DSCN4359Chair Kreger told Bennett that industry’s message to the PAB is that they don’t like the process that is being used to consider the changes. He reminded the PAB that there have never been major industrial accidents in the city.

Member Chris Occhuizzo said that the present discussion is a way to bring the community together. “The mills are very valuable members of the community,” he said. “We want to strike a balance with quality of life concerns.” He added that problems with the Port Master Plan emanated from the OHPA’s continued assertion that “we [have the right to] chop down the whole forest, but we only want one tree.”

Member Jon Lasserre said he was receptive to concerns that the Comprehensive Plan should not be addressed piecemeal. He suggested that the city advance its schedule for the required EAR process to begin at the next PAB meeting.

Member David Beal said, “What the applicant has presented is worthy of consideration. But more discussion is needed.”

DSCN4344The PAB continued to debate the merits of taking a vote that evening, which would result in the application moving to the Fernandina Beach City Commission for final decision, or trying to address audience concerns about the need for a different process or more input. Finally, Member Billy Rogers moved to postpone PAB final action until June, in order to allow time for more input and deliberation. Member Bennett seconded his motion, which passed unanimously.

While the PAB decided to hold a workshop on this application beginning at 3:30 p.m. immediately preceding their monthly business meeting, it was not clear by the end of the meeting or from the workshop notice how the meetings would be structured. At this time it appears that all stakeholders and interested parties should plan to attend all workshops.

All documents associated with PAB Case 2014-21 are available via the city’s website. Questions or additional requests to be placed on the city’s mailing list for updates should be directed to Senior Planner Kelly Gibson kgibson@fbfl.org.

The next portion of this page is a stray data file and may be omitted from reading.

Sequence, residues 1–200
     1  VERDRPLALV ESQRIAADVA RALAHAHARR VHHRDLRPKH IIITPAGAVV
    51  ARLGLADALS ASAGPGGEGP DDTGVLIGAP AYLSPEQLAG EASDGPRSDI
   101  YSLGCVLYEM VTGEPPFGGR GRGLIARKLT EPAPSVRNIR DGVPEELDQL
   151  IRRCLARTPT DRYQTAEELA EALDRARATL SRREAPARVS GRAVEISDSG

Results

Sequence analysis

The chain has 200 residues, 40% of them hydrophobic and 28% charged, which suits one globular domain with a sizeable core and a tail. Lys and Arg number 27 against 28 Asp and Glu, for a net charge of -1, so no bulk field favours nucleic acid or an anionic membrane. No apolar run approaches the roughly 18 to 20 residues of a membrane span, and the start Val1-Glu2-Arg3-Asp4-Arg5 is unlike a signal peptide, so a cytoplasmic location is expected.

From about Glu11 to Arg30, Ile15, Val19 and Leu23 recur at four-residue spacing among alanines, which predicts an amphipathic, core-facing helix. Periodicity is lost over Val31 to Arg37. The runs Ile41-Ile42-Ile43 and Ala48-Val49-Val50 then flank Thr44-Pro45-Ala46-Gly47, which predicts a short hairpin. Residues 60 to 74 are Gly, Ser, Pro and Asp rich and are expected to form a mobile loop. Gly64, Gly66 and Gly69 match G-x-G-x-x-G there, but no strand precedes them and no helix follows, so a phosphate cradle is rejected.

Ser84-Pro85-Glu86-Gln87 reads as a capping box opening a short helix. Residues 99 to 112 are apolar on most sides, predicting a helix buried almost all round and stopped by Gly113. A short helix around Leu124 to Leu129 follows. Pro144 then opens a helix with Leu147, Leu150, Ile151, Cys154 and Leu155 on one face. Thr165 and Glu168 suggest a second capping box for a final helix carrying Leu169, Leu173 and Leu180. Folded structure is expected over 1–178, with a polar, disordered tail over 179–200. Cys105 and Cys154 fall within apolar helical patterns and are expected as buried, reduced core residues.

Suanne Thamm 4Editor’s Note: Suanne Z. Thamm is a native of Chautauqua County, NY, who moved to Fernandina Beach from Alexandria,VA, in 1994. As a long time city resident and city watcher, she provides interesting insight into the many issues that impact our city. We are grateful for Suanne’s many contributions to the Fernandina Observer.

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Eric Bartelt
Eric Bartelt(@ericbarteltgmail-com)
7 years ago

Great report, Suanne!

Steve Crounse
Steve Crounse (@guest_30103)
7 years ago

Chip, Chuck Thank you so much for the time and effort put into this project. This is exactly the type of public discussion that was needed prior to the issuance of Nassau County Ocean, Highway and Port Authority Master Plan. This town, our Island and County are Stake holders in what transpires at the Port. Every one of us. The discussion of Hazardous Materials needs to hammered out. The document needs to be a living document, one that reflects the needs of the Stack holders as the needs change in our community. We need to pen this document carefully. It was interesting that Ms. Dibella made the Statement that a company passed up the opportunity to build at the airport because “our city wasn’t vibrant enough.”? Does that mean they wanted to stockpile hazardous materials at the Airport? Chip and Chuck, Thanks again.